Diseases, Fibromialgia (Spanish)

¿Cuál es la conexión entre la fibromialgia y la depresión?

Fibromyalgia is a condition marked by persistent musculoskeletal pain that affects the whole body. Other symptoms include weariness, sleep difficulties, paraesthesia in the limbs, a sense of swelling in the hands, and morning stiffness, in addition to pain.

Because there is currently no cure for fibromyalgia, present therapies are only focused on reducing or softening the impact of various symptoms, such as pain, sleep issues, or mental anguish.

In terms of psychopathology, it has been discovered that the prevalence of depression is greater in fibromyalgia patients than in the general population. As a result, we shall go a little more into this relationship in this post.

Is it fibromyalgia or depression that comes first?

There are lines of study that indicate a probable association between pain and specific personality factors, finding data that backs up the idea that specific personality qualities are strongly linked to chronic pain.

On the other side, people with pain have a high frequency of depressed mood, and it is usually assumed that the mood is the source of the pain.

We’ll look at fibromyalgia as an example of a pain-related condition. A chronic rheumatological illness characterised by widespread pain, the predominant symptom of which is central sensitization manifested as diffuse pain that affects the entire body.

Emotional variables have been postulated as one of the reasons of this condition, among others. In this regard, the importance of emotional factors such as anxiety or sadness is acknowledged, with studies showing that 30% of fibromyalgia patients have depression when they first visit the doctor and 60% have it at some time in their medical history. Even yet, it’s unclear what effect these mental problems have on the genesis or maintenance of fibromyalgia.

What research has been done on the link between fibromyalgia and depression?

The University of the Balearic Islands conducted an inquiry in 2004 with the goal of confirming the link between fibromyalgia and depression. The researchers wanted to see if fibromyalgia patients had a distinct profile when it comes to the expression of this mood condition.

In terms of depression, there were no significant differences between fibromyalgia patients and healthy people. Although depression is not a role in the aetiology (cause) of fibromyalgia, this might be a clue that it may precede or accompany the illness.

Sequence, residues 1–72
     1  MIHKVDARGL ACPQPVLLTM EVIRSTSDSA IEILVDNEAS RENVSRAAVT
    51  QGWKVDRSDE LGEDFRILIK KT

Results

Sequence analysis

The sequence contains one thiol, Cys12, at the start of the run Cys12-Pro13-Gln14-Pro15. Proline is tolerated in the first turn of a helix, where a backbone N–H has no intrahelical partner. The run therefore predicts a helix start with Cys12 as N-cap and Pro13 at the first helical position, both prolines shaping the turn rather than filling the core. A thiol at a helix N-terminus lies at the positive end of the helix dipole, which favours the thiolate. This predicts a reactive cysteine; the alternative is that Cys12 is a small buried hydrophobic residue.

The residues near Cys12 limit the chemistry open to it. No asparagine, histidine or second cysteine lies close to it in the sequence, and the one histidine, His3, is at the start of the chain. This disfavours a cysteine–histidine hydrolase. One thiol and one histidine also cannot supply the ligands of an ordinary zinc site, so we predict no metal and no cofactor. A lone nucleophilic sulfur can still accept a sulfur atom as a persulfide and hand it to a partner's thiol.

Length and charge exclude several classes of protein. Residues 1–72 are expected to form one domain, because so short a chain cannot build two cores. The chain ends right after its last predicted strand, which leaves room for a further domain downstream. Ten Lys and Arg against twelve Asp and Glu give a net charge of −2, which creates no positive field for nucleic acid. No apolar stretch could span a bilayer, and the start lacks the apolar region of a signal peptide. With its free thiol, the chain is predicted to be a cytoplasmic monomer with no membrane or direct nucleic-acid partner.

What appears to be true is that the existence of a link between fibromyalgia and depression is due to comorbidity (the occurrence of both conditions at the same time), or that sad mood is a result of fibromyalgia. In this perspective, sad mood in fibromyalgia patients would be a result of pain and other symptoms interfering with everyday living.

Symptoms of the condition (for example, weariness) would hinder the individual from engaging in activities that they had previously enjoyed, as well as cause them to avoid participating in particular initiatives owing to the fear of discomfort. This would result in the patient losing reinforcers or motivating stimuli in their everyday lives, precipitating the depressive condition.

What does this link mean in terms of professional practise?

We may utilise a variety of strategies to avoid depression, including the following:

  1. Consider our way of life. The goal is to integrate enjoyable hobbies while also enhancing your social life. Due to the fact that these patients face unique challenges, activities should be tailored to their capacities.

2. Identify our thought patterns and strive to replace the ones that make us feel unpleasant with ideas that are less destructive.

3. Use seminars or therapy groups as a last resort. Knowing other individuals who are going through the same issue as you may help you feel understood and have access to some really beneficial resources for your specific condition.

4. Seeing a psychologist is always a possibility.

5. As a result, the findings might have significant ramifications for professional practise. If depression is a result of fibromyalgia rather than a cause, this might lead to the establishment of particular preventative programmes for this demographic based on the methods we’ve discussed.

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